The first line of a novel should propel the reader into reading the second line. Why bother with 512 pages of a novel that bores you on the first page? In my younger days I had a rule that if I started a novel I needed to finish it. I've read a lot of dreadful novels.
Then my good sense kicked in and if I couldn't remember the first line of a novel by the end of the first page, I tossed the book into a box for Goodwill. How do you justify rejecting a Pulitzer Prize winning novel?
I tried to like Olive Kitteridge, the trade paperback by Elizabeth Strout published in 2008 by Random House. The first three pages are packed with endorsements from major newspapers. The review in O: The Oprah Magazine, started with the line, "Perceptive, deeply empathetic . . . Olive is the axis around which these thirteen complex, relentlessly human narratives spin themselves into Elizabeth Strout's unforgettable novel in stories."
In addition to a Pulitzer, the book also received a starred Kirkus review. That should have been my first clue. I rarely agree with Kirkus. Olive Kitteridge screamed literary novel. I like many literary novels. One of my recent favorites is Guernsey Literary and Potato Peel Society by Mary Ann Shaffer and Annie Barrows. I bought it for the title. Let's compare the first paragraphs and see which you like best.
Here's Olive's first paragraph in the story titled "Pharmacy":
"For many years Henry Kitteridge was a pharmacist in the next town over, driving every morning on snowy roads, or rainy roads, or summertime roads, when the wild raspberries show their new growth in brambles along the last section of town before he turned off to where the wider road led to the pharmacy. Retired now, he still wakes early and remembers how mornings used to be his favorites, as though the world were his secret, tires rumbling softly beneath him and the light emerging from the early fog, the brief sight of the bay off to his right, then the pines, tall and slender, and almost always he rode with the window partly open because he loved the smell of the pines and the heavy salt air, and in the winter he loved the smell of the cold."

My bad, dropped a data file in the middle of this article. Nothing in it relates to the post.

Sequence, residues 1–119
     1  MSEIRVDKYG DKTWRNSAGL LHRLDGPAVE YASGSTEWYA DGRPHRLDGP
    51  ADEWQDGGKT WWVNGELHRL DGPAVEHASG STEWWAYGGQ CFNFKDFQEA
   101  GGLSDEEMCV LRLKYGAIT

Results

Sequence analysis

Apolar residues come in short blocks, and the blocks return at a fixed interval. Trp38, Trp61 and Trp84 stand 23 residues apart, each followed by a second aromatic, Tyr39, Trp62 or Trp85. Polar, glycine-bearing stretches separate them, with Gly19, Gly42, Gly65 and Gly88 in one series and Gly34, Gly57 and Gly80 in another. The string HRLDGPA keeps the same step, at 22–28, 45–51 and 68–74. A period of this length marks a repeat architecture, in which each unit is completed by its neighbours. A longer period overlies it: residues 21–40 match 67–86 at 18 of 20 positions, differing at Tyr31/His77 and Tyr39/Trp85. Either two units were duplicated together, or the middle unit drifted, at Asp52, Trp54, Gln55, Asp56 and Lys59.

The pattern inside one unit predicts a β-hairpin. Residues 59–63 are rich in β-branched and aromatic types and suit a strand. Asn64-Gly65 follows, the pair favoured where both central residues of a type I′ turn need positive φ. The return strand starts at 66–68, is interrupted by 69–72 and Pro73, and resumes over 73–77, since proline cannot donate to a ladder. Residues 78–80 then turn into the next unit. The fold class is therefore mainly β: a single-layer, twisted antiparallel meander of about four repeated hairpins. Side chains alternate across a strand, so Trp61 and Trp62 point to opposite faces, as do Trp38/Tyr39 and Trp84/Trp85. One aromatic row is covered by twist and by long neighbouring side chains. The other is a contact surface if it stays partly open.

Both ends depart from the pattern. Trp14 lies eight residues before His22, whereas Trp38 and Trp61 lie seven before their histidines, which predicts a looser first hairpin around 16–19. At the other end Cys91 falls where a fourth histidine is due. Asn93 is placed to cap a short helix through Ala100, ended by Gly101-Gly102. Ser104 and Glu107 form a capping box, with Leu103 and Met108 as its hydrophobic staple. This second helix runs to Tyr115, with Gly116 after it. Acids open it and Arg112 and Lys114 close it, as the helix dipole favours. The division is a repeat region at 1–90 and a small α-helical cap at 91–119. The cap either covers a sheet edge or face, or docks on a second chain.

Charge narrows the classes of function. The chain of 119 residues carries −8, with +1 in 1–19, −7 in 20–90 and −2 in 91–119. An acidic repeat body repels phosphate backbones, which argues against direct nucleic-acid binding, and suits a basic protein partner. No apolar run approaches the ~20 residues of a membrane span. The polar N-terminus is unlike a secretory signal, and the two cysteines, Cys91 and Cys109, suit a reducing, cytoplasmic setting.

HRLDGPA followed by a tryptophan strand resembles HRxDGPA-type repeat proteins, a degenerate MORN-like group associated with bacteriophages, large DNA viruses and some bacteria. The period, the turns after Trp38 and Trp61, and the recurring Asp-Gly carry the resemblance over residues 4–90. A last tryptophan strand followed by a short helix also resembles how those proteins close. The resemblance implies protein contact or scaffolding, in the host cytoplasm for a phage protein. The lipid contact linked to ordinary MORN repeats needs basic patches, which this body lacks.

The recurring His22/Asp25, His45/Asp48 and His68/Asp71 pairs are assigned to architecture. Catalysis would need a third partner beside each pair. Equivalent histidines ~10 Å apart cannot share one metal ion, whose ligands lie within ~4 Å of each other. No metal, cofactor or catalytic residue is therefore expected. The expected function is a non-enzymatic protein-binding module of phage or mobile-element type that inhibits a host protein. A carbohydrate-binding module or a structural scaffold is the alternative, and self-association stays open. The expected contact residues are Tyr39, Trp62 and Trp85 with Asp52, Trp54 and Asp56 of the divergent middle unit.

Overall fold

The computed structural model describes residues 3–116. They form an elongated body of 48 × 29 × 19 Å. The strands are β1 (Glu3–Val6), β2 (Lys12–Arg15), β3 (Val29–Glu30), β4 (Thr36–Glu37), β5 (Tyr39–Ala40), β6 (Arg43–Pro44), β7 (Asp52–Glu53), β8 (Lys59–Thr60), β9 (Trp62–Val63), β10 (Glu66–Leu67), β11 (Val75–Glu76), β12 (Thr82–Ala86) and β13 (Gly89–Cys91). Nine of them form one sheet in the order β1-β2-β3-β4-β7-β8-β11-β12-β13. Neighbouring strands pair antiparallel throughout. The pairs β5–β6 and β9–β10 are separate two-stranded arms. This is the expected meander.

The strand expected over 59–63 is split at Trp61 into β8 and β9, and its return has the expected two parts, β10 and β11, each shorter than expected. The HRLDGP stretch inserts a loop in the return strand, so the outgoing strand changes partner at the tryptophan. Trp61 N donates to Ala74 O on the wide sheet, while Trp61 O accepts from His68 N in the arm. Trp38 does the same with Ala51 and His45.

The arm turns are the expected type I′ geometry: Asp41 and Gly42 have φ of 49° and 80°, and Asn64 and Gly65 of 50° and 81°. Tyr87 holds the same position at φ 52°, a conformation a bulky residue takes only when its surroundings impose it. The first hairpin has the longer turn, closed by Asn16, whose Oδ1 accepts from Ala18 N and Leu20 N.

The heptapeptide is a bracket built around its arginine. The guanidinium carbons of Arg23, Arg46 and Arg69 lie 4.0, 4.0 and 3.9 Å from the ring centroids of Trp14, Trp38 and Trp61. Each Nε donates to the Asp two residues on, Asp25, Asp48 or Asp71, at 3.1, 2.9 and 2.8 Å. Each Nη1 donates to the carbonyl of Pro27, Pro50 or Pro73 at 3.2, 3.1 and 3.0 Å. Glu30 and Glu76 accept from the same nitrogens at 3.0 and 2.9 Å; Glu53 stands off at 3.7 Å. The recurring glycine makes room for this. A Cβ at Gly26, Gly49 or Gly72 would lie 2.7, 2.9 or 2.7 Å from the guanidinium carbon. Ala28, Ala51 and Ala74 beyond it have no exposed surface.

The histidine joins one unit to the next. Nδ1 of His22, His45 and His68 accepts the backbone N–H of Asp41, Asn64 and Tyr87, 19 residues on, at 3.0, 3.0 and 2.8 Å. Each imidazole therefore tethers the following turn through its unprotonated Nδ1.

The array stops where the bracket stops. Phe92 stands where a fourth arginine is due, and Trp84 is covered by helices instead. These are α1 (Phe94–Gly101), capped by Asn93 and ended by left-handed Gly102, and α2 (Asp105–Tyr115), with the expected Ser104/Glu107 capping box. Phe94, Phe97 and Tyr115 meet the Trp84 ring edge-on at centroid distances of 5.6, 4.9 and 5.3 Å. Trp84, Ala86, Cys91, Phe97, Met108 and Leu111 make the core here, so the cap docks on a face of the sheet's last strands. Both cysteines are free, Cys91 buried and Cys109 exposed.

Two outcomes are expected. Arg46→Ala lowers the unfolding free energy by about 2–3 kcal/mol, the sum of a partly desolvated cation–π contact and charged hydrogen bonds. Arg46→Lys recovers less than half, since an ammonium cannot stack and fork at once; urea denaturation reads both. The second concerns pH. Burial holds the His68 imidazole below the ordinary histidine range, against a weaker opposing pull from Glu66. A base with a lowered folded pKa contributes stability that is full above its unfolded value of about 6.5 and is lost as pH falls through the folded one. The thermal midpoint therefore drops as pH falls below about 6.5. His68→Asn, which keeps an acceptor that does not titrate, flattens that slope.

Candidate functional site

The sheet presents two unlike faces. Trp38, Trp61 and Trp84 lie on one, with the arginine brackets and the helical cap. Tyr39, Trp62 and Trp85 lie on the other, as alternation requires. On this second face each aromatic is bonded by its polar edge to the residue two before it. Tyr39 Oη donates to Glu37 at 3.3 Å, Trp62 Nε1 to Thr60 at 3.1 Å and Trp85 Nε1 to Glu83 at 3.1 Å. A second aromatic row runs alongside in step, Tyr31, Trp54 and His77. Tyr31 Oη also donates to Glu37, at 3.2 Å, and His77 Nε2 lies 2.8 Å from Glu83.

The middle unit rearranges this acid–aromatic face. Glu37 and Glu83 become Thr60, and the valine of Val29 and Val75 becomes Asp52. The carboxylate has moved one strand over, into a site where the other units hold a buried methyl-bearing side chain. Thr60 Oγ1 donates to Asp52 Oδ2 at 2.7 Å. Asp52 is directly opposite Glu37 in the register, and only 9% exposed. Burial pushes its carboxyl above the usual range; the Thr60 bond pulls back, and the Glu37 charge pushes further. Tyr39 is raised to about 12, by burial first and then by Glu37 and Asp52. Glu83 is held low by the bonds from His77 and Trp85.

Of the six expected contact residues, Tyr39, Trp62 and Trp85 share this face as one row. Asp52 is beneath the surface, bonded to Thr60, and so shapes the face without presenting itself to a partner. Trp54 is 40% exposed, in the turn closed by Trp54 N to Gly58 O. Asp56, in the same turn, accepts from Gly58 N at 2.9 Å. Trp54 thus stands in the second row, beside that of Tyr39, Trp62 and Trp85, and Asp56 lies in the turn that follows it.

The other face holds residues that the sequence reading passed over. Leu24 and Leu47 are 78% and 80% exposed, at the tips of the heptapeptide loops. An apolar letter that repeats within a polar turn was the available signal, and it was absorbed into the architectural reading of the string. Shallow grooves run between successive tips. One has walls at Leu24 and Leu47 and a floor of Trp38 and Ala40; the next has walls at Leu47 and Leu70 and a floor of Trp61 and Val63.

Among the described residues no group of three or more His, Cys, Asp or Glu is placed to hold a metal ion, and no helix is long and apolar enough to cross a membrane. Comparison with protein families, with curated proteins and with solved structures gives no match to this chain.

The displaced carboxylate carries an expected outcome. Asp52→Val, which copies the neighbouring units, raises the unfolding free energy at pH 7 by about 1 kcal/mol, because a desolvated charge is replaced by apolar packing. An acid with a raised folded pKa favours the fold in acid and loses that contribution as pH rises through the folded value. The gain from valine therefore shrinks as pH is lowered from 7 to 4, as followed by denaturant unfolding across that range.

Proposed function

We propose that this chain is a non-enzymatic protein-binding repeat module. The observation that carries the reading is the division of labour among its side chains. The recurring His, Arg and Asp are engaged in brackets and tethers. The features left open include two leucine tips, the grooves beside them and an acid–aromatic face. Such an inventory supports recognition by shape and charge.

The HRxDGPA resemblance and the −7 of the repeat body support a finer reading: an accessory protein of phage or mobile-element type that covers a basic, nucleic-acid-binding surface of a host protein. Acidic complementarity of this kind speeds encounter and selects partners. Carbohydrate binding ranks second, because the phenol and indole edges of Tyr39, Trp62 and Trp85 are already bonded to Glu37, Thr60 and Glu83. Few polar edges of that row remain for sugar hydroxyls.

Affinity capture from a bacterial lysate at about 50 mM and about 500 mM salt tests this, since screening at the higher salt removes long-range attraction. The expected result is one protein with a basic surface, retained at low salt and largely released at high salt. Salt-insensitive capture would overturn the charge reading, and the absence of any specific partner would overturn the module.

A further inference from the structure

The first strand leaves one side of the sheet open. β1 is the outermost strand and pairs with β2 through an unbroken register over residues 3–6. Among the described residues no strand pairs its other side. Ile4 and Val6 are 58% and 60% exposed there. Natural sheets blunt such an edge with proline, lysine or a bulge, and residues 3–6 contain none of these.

I fell asleep that night after the first line, but I did persist in reading the entire story convinced that if this book won a Pulitzer, it should deliver the goods. Even though the reviews of "mesmerizing . . . exquisite" and "maserfully wrought collection" impressed me, the passive snooze of the first paragraph left me in the dust, or should I say, stranded on the side of the author's roads: the snowy roads, the rainy roads, the summertime roads, and the wider road, not to mention the fog, the pines, the salt air, and the cold. It was a guy driving to work. Sorry.
Should I keep trying to broaden my horizons? I dropped Olive on the floor (fourteen bucks down the drain) and picked up Guernsey Literary and Potato Peel Society. I knew the book was comprised of a series of letters dated just after World War II in London and on the Island of Guernsey--not a rousing structure for me--but a device that has been used successfully in the past. Here's the beginning of Guernsey:
"Dear Sidney, Susan Scott is a wonder. We sold over forty copies of the book, which was very pleasant, but much more thrilling from my standpoint was the food. Susan managed to procure ration coupons for icing sugar and real eggs for the meringue. If all her literary luncheons are going to achieve these heights, I won't mind touring about the country. Do you suppose that a lavish bonus could spur her on to butter? Let's try it--you may deduct the money from my royalties. Now for my grim news. You asked me how work on my new book is progressing. Sidney, it isn't."
What a clever way to begin a novel by a character who is a novelist: with great humor and the grim news that her latest book is stalled. How could I not keep reading?
Weather and road conditions? Breezy letter. Which would you rather read? I know. Many of you are saying, neither. I don't read literary novels. Well, neither do I, but one of the hallmarks of a great writer or editor is that they read outside their comfort zone. If you're a romance writer, read a few good thrillers or a literary novel. Your writing will improve with cross-pollination.
I looked for a list of the top 100 bad first lines in novels, but I couldn't find one except for the annual contest called The Bulwer-Lytton Fiction Contest in which entrants write their versions of bad first lines. However, no one seems to have compiled a list of real bad first lines. Seems like an easy task.
However, the editors of American Book Review have compiled a list of the 100 Best First Lines of Novels. Perhaps this is the better route. Read great first lines, and it should inspire you to write a great first line for your novel. Following are a few of my favorites:
"Call me Ishmael." Herman Melville's Moby-Dick, 1851.
"It was the best of times, it was the worst of times, it was the age of wisdom, it was the age of foolishness, it was the epoch of belief, it was the epoch of incredulity, it was the season of Light, it was the season of Darkness, it was the spring of hope, it was the winter of despair." Charles Dickens' A Tale of Two Cities, 1859.
"They shoot the white girl first." Tony Morrison's Paradise, 1998.
"You better not never tell nobody but God." Alice Walker's The Color Purple, 1982.
What are your favorite first lines? Any genre, any era. I'd love to hear from you.